Are carbon markets helping to slow climate change? Maybe.

November 6, 2022 by Jessica F. Green

As countries gather in Sharm el-Sheikh next week for the COP27 climate conference, slow progress on promises from the 2015 Paris Agreement has prompted growing alarm. The national emissions pledges to date, experts warn, won’t be able to limit global warming to 1.5 degrees Celsius (2.7F) — and governments aren’t even fully implementing those pledges.

Despite the underwhelming incrementalism of the, one part of the global climate regime continues to gain steam: carbon markets. Article 6 of the Agreement created two new market-based mechanisms to help countries achieve their national pledges. The first, a global emissions offset mechanism, allows countries and private entities to pay for carbon offsets elsewhere and count them toward their own emissions reductions.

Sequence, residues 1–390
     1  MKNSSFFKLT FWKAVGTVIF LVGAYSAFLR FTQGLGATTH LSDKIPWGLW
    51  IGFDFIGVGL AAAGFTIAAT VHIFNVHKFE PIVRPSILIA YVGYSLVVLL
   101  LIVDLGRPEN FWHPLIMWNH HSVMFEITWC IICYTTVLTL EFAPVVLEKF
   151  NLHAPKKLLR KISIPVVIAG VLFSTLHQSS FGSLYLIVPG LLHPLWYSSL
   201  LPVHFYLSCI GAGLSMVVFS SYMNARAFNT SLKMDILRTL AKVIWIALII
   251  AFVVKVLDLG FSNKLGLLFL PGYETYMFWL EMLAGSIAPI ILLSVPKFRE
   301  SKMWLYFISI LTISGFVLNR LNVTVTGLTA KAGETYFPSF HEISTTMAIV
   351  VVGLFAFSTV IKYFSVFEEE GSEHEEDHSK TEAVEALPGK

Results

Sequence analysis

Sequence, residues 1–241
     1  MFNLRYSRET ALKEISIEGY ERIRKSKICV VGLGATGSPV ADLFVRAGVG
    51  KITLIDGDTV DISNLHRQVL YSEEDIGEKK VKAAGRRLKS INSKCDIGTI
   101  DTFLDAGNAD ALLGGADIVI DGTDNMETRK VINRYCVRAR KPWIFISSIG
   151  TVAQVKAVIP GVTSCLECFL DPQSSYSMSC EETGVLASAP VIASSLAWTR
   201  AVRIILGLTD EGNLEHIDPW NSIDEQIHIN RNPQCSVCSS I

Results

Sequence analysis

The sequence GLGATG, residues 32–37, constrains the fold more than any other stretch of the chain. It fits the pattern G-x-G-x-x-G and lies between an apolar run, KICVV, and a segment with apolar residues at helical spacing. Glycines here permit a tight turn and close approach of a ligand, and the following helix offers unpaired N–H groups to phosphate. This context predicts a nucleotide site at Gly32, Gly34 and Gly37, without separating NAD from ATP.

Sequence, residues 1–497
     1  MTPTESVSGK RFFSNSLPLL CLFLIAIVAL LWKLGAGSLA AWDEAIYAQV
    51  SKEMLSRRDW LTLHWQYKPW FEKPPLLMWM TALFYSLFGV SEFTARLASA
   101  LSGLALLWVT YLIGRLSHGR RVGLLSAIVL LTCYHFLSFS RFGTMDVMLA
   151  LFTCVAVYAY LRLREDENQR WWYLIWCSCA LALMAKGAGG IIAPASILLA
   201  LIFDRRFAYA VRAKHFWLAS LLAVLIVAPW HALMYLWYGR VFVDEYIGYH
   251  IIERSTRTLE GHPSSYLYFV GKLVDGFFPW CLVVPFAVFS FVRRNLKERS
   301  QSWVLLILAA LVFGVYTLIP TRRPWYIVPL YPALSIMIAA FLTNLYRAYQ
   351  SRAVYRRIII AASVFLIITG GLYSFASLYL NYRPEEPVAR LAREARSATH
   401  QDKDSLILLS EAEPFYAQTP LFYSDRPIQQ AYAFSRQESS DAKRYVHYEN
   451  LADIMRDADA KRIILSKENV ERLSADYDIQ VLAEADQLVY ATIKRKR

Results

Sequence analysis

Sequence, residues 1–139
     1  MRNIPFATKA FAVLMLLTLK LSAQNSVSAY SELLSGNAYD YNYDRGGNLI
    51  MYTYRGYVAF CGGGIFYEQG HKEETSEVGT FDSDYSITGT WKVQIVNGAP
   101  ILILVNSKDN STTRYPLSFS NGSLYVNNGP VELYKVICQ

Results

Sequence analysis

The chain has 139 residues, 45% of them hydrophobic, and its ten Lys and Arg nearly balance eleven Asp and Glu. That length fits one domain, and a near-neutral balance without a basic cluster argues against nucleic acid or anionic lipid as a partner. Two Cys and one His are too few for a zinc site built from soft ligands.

The second mechanism, known as internationally traded mitigation outcomes (ITMOs), allows countries to trade reductions bilaterally. Carbon markets might appear an elegant solution, but they’re exceedingly difficult to implement well and have a very mixed record on actually reducing emissions.

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